Washington state: Possible radioactive leak at Hanford tank farm
SEATTLE -- As part of the biggest, costliest environmental cleanup project in the nation’s history—disposing of 53 million gallons of radioactive waste at the Hanford Nuclear Reservation in Washington state—one thing was supposed to be sure: Waste stored in the sturdy, double-wall steel tanks that hold part of the toxic ooze wasn’t going anywhere.
But that reassurance has been thrown into question with the discovery of a 3-foot-long piece of radioactive material between the inner and outer steel walls of one of the storage tanks, prompting new worries at the troubled cleanup site.
“We’re taking it seriously, and we’re doing an investigation so we can better understand what it is,” Department of Energy spokeswoman Lori Gamache told the Los Angeles Times.
The discovery marks the first time material has been found outside the inner wall of one of the site’s 28 double-shell tanks, thought to be relatively secure interim storage for the radioactive material generated when Hanford was one of the nation’s major atomic production facilities. It opened in 1943 and began a gradual shutdown in 1964. Cleanup started in 1989.
The $12.2-billion cleanup project eventually aims to turn most of the waste stored at Hanford into glass rods at a high-tech vitrification plant scheduled to be operational in 2019, assuming the formidable design and engineering hurdles can be overcome.
In the meantime, plant engineers have been gathering waste stored in the facility’s 149 aging, leaky single-wall storage tanks and redepositing them in the double-shell tanks for safekeeping.
Over the years, more than 1 million gallons of waste has leaked out of 67 single-wall tanks into the surrounding soil.
“There’s been this presumption that the double-shell tanks at least are sound and won’t fail, and they’ll be there for us,” said Tom Carpenter of the advocacy group Hanford Challenge. Several days ago the group obtained a memo from the cleanup site detailing discovery of the mysterious substance.
“This changes everything. It is alarming that there is now solid evidence that Hanford double-shell has leaked,” Carpenter said in a separate statement on the discovery.
The 42-year-old tank, known as AY-102, holds about 857,000 gallons of radioactive and other toxic chemical waste, much of it removed several years ago from a single-shell storage tank where it was considered unsafe. Workers who relocated the material fell ill simply from inhaling the fumes, Carpenter said.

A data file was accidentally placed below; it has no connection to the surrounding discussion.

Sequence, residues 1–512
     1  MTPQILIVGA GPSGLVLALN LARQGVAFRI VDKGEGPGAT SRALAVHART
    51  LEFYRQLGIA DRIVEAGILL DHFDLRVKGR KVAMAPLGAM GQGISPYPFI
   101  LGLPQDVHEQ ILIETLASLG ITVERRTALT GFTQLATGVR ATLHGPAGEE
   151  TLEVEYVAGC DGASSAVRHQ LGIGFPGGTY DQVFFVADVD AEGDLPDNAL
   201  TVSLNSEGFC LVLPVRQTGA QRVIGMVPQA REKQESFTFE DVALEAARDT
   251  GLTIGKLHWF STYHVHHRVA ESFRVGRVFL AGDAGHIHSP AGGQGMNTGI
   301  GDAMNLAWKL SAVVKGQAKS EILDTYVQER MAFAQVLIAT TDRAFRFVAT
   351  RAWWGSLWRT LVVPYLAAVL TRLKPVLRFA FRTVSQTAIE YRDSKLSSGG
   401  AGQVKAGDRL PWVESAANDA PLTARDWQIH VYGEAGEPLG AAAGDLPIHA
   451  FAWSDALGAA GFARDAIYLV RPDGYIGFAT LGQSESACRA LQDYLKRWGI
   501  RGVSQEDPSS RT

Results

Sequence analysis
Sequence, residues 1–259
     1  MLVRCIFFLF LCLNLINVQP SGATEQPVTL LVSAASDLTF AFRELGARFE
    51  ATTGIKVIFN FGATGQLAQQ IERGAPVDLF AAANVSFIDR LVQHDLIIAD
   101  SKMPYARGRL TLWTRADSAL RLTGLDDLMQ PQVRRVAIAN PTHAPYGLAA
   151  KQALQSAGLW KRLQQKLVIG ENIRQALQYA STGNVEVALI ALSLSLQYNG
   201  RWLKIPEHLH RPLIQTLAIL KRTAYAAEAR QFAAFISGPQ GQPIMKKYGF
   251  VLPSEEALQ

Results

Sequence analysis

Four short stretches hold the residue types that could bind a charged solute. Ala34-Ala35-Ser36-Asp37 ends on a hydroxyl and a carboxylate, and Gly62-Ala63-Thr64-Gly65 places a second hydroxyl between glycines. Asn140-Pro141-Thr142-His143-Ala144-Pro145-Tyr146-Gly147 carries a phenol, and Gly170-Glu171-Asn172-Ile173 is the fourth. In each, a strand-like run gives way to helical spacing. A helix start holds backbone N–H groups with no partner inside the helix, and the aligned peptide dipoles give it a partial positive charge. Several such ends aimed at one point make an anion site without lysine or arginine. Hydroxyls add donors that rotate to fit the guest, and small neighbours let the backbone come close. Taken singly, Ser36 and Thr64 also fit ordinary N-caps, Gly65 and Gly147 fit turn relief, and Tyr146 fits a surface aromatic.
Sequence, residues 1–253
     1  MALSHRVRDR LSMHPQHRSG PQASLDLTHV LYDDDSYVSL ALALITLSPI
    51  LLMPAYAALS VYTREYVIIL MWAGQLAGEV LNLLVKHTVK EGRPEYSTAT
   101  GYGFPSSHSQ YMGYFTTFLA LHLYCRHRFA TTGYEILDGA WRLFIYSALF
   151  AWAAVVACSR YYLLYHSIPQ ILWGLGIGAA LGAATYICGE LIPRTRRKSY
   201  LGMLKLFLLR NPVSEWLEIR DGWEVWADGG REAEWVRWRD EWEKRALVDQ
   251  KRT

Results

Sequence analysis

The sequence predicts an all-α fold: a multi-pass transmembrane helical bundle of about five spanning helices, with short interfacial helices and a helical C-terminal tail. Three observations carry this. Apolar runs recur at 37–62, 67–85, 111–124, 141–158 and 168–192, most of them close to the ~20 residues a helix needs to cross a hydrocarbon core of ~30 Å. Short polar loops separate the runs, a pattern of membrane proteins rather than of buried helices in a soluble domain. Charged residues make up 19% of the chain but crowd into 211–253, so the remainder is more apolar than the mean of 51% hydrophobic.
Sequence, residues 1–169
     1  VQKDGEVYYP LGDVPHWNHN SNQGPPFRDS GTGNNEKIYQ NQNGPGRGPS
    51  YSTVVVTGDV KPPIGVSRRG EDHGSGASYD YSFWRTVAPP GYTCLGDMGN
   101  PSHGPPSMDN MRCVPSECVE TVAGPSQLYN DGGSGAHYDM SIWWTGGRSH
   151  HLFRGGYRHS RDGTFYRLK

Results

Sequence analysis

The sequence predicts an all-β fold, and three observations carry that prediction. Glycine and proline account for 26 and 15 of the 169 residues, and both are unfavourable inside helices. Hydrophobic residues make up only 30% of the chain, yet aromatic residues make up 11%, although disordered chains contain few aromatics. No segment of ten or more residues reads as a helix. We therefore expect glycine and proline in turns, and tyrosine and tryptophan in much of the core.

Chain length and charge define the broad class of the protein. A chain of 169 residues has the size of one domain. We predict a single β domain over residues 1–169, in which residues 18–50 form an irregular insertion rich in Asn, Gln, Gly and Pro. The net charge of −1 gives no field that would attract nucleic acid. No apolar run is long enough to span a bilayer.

Department of Energy officials said none of the material has leaked outside the outer steel wall or the concrete casing that surrounds the structure, and there is no present hazard to workers or groundwater.
They said they were trying to determine whether the material leaked from the inner tank or oozed from a nearby pit into the space between the two walls, known as the annulus.
“There’s no evidence of it leaking the liquid from the inner shell right now,” Gamache said.
The material – a mound 2 feet by 3 feet by 8 inches -- is dry and doesn’t appear to be growing. It was discovered during a routine video inspection of the annulus conducted last month from a viewpoint not normally used.
The possibility that it could have come as overflow from a nearby pit arises because a pipe runs into the annulus from the pit, Gamache said.
But Carpenter, who has talked extensively with workers at Hanford and was briefed Tuesday by one of the Department of Energy’s senior officials at the tank farm, said he believed the evidence was strong that there was a leak.
“I know Hanford would like it not to be so. But the people I’m talking to at the Hanford site say, no, it really does look like a leak,” he said. “From what I’m being told and looking at the pictures, it appears it’s coming from under the tank and going up. Which is a far cry from it coming from the pit.”
Gamache said an initial sample of the material revealed that “the contamination levels were higher than expected” and it definitely contained radioactive waste. “There wasn’t enough material to fully characterize the material, so we’re preparing to pull another sample. That will probably happen around the mid-September time frame,” she said.
Carpenter said that if the inner tank leaked, it would probably prompt the need to reevaluate expectations that the tanks could safely act as interim storage vessels for several decades.
“These are the tanks that are considered sound, that will last for another 40 years, and if that’s not true, then they’re going to have to consider building new tanks at a minimum,” he said. “They may also need to develop the ability to move waste around much quicker than they do now.”
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